Wednesday, February 16, 2005

State versus Local Taxation

First, the local part. In Delanco, our school board is trying to pass a bond referendum to pay for an expansion of our elementary and middle schools. The special election on March 8th attempts to deal with the projected growth of the district from new construction. According to the board (as reported by Todd McHale of the Burlington County Times in Delanco board hits road to sway voters, February 14th), the $10 million referendum would cost the average homeowner approximately $77 the first year, rising to about $121 in 2007. This sounds like a reasonable investment in the education of our children, given that it translates to a monthly increase of about $6 per month for those of us who pay taxes through mortgage escrow accounts.

Some groups of township residents don’t wish to pay for this necessary expansion. This is the fourth time the board has asked the township taxpayers to fund the project. Narrowly defeated on the first attempt, the margin of defeat has grown each time. Many in town believe that the repeated defeats are due to the residents of Newton'’s Landing, a recently constructed development. McHale says,

[A]t Newton's Landing, a 250-unit age-restricted development, the road show wasn't a hit. Three dozen residents grilled [district superintendent Joe] Miller and [board member Phil] Jenkins for more than two hours about the project and complained that they are already paying too much in taxes.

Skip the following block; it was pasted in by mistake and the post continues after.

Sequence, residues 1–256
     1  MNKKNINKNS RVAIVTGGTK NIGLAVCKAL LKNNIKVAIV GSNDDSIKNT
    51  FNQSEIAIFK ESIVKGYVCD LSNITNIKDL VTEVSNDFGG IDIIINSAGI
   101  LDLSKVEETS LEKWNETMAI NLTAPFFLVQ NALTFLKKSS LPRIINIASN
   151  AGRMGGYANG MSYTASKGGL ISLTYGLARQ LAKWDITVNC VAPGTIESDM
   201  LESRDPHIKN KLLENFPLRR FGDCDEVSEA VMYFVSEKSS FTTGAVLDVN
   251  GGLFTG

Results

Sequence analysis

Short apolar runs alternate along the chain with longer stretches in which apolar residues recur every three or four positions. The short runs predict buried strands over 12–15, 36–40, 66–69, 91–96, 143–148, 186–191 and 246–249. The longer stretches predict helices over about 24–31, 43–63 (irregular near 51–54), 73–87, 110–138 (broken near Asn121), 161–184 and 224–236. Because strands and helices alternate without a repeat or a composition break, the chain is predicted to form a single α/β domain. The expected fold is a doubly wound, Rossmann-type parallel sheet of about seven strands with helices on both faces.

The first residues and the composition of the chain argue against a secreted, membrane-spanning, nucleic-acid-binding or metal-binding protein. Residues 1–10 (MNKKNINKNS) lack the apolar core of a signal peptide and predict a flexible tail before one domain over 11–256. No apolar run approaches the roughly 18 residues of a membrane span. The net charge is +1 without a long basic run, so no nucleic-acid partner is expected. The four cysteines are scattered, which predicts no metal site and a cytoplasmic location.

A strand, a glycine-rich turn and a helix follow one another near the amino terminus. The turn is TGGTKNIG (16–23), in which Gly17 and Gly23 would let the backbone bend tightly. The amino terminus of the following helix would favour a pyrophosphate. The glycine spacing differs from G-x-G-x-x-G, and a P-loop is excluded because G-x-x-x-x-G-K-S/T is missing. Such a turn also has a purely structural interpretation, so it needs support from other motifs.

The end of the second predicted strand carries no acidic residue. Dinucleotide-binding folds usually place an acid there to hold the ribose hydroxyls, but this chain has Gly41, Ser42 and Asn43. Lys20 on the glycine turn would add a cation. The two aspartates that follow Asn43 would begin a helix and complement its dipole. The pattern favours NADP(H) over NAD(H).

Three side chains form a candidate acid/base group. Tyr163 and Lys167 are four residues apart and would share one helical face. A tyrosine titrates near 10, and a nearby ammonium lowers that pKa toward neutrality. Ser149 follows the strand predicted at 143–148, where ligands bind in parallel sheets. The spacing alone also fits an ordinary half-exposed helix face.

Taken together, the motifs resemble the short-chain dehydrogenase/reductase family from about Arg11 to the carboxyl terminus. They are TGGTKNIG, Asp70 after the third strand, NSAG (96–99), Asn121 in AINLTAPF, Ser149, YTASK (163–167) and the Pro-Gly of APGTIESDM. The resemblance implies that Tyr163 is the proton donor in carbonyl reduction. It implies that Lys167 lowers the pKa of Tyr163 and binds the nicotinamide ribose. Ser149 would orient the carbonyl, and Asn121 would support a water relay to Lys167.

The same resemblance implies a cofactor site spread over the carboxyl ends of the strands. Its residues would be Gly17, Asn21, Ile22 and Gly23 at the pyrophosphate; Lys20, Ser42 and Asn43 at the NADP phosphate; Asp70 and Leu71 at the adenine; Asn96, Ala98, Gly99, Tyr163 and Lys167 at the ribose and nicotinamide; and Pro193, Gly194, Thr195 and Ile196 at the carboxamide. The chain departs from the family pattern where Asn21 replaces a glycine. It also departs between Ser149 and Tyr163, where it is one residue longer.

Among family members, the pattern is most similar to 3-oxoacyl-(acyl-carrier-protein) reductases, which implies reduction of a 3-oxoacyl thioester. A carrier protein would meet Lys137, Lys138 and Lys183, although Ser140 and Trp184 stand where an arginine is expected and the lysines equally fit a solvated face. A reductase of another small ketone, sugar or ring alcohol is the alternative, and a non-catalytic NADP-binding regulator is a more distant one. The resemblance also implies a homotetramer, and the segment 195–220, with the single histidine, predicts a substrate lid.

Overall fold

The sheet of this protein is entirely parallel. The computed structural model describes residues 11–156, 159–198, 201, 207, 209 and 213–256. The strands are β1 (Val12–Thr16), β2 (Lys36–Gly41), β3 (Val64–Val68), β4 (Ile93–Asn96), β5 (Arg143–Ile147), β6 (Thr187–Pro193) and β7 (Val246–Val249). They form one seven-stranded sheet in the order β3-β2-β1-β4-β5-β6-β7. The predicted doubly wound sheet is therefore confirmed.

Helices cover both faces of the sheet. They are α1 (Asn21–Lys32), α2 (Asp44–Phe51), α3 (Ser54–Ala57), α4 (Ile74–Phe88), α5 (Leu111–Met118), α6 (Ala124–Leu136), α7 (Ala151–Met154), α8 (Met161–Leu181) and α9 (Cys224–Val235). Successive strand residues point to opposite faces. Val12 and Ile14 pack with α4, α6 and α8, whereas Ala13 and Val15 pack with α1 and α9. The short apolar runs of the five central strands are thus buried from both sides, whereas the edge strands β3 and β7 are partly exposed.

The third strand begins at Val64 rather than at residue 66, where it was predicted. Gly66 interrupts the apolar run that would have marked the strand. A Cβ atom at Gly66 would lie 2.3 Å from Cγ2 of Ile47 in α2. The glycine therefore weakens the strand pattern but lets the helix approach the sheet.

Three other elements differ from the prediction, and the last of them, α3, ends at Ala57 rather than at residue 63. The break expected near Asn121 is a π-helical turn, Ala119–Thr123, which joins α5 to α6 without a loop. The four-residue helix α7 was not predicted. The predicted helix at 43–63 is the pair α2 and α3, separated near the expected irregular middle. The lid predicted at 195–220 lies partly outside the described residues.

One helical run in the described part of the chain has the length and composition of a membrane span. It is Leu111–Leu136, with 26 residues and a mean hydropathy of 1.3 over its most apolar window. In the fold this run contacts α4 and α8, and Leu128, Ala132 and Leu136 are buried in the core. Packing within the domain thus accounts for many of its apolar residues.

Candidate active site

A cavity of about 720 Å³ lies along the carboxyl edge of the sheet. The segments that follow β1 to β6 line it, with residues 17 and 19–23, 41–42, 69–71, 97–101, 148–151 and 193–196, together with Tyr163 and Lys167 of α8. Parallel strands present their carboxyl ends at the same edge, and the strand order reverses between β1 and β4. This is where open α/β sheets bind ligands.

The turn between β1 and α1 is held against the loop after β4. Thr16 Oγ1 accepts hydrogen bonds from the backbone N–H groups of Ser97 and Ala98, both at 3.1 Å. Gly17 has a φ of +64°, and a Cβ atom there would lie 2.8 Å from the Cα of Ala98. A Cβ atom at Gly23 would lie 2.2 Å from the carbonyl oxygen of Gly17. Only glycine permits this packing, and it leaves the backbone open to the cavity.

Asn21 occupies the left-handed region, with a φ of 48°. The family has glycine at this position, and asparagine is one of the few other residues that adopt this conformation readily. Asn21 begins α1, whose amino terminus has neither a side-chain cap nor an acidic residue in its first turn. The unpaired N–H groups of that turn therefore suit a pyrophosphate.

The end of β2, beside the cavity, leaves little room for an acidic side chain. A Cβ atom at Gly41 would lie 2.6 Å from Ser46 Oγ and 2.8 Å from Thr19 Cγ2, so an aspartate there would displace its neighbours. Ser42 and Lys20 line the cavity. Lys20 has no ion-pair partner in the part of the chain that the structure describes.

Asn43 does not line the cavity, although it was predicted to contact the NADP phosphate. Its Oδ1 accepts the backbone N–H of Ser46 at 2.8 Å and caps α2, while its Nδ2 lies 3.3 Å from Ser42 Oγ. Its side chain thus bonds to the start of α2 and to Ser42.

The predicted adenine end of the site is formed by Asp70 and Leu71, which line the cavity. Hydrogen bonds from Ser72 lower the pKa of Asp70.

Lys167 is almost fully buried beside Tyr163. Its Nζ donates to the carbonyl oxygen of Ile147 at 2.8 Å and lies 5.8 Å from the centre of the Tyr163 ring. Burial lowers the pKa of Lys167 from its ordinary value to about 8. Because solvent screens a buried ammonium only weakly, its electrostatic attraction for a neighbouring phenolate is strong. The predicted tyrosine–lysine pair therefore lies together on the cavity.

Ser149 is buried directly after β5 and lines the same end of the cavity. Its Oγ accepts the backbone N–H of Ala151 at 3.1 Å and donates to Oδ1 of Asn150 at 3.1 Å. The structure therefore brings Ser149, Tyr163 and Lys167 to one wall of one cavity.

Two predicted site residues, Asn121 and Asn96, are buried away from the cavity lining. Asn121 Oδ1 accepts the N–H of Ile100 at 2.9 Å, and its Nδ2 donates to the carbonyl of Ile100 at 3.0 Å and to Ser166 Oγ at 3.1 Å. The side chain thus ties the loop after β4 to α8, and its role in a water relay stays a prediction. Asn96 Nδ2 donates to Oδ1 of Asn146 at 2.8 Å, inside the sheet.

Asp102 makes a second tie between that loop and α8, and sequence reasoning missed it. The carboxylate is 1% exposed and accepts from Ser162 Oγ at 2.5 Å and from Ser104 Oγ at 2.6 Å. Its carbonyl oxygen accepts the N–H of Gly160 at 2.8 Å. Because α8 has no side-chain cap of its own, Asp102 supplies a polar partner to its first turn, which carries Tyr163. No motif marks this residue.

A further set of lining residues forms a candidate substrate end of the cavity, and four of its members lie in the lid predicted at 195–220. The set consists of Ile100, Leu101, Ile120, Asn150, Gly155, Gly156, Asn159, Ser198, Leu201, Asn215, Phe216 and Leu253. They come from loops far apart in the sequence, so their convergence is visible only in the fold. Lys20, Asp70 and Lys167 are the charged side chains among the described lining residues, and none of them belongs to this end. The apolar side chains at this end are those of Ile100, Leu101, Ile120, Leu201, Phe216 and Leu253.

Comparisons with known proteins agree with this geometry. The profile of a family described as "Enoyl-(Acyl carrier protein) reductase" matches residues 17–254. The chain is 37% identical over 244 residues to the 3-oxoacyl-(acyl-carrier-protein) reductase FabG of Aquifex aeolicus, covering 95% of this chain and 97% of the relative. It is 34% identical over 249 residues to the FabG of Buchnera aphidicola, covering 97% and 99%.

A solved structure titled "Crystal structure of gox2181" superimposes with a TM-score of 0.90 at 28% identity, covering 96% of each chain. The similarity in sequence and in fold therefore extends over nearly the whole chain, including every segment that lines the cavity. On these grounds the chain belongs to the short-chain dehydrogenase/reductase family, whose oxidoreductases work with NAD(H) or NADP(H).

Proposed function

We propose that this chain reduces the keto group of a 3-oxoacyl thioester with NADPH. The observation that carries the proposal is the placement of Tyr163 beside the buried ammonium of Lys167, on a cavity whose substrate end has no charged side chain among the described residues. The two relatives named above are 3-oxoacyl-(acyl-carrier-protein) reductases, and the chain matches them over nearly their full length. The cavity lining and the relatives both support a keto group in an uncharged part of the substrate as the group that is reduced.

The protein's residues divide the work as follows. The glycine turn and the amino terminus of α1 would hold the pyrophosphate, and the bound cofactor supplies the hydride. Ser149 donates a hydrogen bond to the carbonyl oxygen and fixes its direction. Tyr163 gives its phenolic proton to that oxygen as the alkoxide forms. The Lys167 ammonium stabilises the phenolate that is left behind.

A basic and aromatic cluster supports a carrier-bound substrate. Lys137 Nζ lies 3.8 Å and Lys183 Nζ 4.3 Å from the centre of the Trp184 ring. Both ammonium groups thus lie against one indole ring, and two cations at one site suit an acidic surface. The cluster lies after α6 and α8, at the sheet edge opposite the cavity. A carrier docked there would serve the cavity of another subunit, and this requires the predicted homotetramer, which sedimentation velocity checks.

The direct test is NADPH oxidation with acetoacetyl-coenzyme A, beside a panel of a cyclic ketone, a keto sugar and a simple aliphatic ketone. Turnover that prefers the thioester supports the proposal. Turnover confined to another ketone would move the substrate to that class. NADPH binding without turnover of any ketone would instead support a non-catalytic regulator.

Now, for the state bit. Joe Donohue of the Star-Ledger reports (Tax rebate may face trim, says governor, February 16) that acting Governor Codey plans to "save" $800 million by rolling back property tax rebates.

In an hourlong interview with the editorial board of The Star-Ledger, Codey said middle-class homeowners who were eligible last year for a maximum $800 rebate may end up with checks of $300 or less. He said seniors and disabled people would see their maximum rebate drop from $1,200 to $800. The acting governor will propose his budget March 1.

Why does the acting Governor have to go after this $800 million? To cover part of a $4 BILLION budget shortfall created by additional proposed spending on other “priorities,” like $380 million for stem cell research.

For those who are angry with the Delanco (or any other town for that matter) school board, consider the impact on your tax situation driven by the board compared to that created by the state. Delanco asks for your help, while the state will simply take the money away from you. Redirect your anger toward Trenton, as that is where the problem lies. Our township children must be educated in appropriate facilities, but there is no driving need for the state to do many of the things it proposes. Call your Assemblymen, fax your Senator, write the Governor to tell them to keep their hands out of your pockets; and please, come out to vote YES on March 8th so that our kids have the school facilities they need.